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Trump's tough remarks recall the words of George W. Bush

By Wen Zongduo | China Daily | Updated: 2017-09-27 07:32

Trump's tough remarks recall the words of George W. Bush

US President Donald Trump addresses the 72nd United Nations General Assembly at UN headquarters in New York, US, Sept 19, 2017. [Photo/Agencies]

US President Donald Trump's high-pitched war of words with the leader of the Democratic People's Republic of Korea Kim Jong-un has only intensified since he threatened to "totally destroy North Korea" during his maiden speech at the UN General Assembly on Sept 19.

Despite UN Secretary-General Antonio Guterres warning "fiery talk can lead to fatal misunderstandings", Trump strayed far away from the UN Charter when he threatened the extinction of another nation if forced to defend the United States and its allies.

Moreover, at the hall where nations should be respected as equals, Trump named the DPRK as a "rogue regime", while reciting a list of nations the US isn't happy with for one reason or another, and complaining about "nations" who trade with them.

This intentional lining-up of adversaries recalled former US president George W. Bush, singling out Iraq, Libya, the DPRK and Iran as "rogue regimes" before he ordered the invasion of Iraq to bring down Saddam Hussein, based on lies he told the world.

Bush's adversarial thinking was so disastrous it resulted in the deaths of hundreds of thousands of people in Iraq and Libya, and continuous chaos in the Middle East. The consequences of Trump's adversarial thinking could be even worse given it could spark a nuclear war.

Trump's cavalier threats, at best viewed as poor attempts at "the art of coercion, intimidation and deterrence" favored by strategist Thomas Schelling, have yielded little but entrenching the DPRK's resolve to continue its weapons programs, with Kim saying Trump's remarks have simply convinced him "the path I chose is correct and that it is the one I have to follow to the end".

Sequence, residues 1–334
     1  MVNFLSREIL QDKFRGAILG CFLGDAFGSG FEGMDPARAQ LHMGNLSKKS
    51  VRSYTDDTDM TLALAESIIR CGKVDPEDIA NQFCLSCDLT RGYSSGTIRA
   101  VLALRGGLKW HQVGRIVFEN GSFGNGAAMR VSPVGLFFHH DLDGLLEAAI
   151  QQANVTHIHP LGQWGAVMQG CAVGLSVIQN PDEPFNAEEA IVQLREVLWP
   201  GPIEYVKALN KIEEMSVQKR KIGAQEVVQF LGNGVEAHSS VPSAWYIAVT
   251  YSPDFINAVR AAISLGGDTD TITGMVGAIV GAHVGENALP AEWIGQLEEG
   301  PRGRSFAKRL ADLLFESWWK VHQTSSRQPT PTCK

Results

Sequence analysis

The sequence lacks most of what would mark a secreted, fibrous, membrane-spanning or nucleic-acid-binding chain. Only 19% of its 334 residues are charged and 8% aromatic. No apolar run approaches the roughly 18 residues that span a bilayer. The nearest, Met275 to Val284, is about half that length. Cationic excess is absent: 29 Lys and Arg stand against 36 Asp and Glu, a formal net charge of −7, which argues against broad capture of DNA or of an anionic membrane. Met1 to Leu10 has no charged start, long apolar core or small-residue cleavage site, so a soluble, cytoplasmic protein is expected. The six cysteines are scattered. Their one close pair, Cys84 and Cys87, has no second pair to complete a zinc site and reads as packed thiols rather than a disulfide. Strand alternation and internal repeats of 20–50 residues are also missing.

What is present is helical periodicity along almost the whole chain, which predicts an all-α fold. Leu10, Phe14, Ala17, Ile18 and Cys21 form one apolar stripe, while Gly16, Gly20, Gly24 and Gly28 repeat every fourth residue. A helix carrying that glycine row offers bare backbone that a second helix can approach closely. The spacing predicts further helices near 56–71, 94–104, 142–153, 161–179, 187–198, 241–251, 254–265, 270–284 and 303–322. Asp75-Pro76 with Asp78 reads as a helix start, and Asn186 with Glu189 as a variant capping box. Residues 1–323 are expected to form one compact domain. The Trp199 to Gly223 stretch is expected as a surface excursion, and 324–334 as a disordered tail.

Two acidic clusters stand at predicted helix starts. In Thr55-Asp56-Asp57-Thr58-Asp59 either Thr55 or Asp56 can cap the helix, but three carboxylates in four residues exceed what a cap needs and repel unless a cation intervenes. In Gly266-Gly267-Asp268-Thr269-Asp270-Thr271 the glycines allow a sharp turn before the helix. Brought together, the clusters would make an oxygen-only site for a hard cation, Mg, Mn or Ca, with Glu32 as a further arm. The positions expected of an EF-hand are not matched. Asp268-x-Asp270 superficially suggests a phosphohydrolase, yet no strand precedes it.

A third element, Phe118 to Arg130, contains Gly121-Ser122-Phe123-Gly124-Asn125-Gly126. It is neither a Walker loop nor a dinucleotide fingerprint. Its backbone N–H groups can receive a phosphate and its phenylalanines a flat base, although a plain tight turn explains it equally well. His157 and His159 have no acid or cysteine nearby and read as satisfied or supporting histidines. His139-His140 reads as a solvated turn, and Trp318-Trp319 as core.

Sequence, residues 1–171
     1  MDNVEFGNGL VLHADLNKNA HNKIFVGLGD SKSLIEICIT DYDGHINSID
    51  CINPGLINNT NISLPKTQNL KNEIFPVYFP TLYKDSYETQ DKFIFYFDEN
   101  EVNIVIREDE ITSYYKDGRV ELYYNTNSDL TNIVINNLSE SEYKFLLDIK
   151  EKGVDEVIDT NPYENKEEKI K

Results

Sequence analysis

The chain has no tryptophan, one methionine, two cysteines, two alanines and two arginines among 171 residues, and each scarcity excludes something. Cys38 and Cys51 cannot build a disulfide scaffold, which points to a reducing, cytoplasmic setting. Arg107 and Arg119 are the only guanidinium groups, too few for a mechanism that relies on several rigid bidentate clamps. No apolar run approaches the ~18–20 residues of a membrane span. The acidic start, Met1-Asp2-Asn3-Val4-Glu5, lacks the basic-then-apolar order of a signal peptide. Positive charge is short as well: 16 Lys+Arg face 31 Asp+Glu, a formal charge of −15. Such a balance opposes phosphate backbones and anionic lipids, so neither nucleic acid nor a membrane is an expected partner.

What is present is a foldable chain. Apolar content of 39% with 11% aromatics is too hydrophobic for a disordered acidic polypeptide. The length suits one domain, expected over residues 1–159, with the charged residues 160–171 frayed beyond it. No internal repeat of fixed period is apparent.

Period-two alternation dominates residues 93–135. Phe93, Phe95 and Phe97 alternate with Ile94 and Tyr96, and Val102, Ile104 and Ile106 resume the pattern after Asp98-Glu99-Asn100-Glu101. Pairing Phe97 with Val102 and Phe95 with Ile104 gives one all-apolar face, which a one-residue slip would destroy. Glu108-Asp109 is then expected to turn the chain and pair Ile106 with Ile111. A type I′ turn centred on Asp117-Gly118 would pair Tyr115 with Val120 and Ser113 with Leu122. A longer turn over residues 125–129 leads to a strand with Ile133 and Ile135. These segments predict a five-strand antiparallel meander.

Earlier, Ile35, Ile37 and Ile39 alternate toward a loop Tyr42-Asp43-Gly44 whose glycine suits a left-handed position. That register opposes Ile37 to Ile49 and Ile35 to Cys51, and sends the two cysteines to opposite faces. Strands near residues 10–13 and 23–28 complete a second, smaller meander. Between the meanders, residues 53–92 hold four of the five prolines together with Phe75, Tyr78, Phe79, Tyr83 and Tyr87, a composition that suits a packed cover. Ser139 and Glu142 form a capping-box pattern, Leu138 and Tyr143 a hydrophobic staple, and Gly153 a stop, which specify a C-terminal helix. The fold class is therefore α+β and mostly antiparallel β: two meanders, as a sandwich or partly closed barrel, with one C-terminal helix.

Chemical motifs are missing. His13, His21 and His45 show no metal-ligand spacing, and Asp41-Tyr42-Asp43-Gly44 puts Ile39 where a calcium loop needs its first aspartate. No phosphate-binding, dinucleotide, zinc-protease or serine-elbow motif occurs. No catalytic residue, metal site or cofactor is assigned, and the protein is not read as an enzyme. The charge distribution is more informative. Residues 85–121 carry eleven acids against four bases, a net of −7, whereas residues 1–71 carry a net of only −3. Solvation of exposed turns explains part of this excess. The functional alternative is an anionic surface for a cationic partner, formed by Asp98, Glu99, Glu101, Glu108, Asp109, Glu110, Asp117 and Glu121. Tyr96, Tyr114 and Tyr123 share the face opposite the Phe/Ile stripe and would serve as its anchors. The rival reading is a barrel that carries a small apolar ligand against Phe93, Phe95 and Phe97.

But the DPRK's missile launches and the threats it keeps making to the US are not conducive to resolving their differences in a peaceful manner.

The exchange of escalating threats by the "little rocket man" as Trump referred to Kim and "the mentally deranged US dotard" as Kim described Trump has made the peace efforts of China, Russia, Germany, France and the Republic of Korea all the more difficult.

However, as Chinese Foreign Minister Wang Yi said, there is still hope for peace, as the US and DPRK, although they might not be willing to accept it, do have common ground: both want to safeguard their security.

And the knot would be easy to untie if the US dropped its adversarial approach.

As DPRK Foreign Minister Ri Yongho said on Friday: "The very reason the DPRK has to possess nuclear weapons is because of the US."

For the DPRK, the US' hostility is a threat to its entire existence. Trump's adversarial stance such as his weekend tweet that those in North Korea "won't be around much longer" only aggravates the DPRK's existential fears. The US military exercises are making things worse.

The DPRK, and the rest of the world, have no doubt the US is militarily powerful enough to annihilate a small country of about 30 million. But just because it is capable of doing so, there is no reason to act like a bully.

Trump should heed the words of US Secretary of State Rex Tillerson, who said on Aug 1, "we do not seek a regime change", and the DPRK and the US should "sit down for a dialogue".

Doing so, the US would find that the best way to safeguard its people is not through bluster that eventually has to be backed up by force, but by inking a peace treaty with DPRK and extending mutual security guarantees.

The author is a senior editor with China Daily.

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